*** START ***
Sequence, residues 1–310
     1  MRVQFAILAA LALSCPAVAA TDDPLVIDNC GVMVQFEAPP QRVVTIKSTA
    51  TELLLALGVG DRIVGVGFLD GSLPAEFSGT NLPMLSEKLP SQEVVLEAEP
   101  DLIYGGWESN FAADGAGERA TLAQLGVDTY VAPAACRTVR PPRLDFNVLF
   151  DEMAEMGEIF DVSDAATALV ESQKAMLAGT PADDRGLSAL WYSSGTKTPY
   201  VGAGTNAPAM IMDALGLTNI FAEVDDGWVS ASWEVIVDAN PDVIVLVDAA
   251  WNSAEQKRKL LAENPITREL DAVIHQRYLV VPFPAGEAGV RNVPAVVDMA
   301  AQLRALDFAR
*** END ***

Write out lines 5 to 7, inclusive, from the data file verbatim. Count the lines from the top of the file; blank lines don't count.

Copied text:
   151  DEMAEMGEIF DVSDAATALV ESQKAMLAGT PADDRGLSAL WYSSGTKTPY
   201  VGAGTNAPAM IMDALGLTNI FAEVDDGWVS ASWEVIVDAN PDVIVLVDAA
   251  WNSAEQKRKL LAENPITREL DAVIHQRYLV VPFPAGEAGV RNVPAVVDMA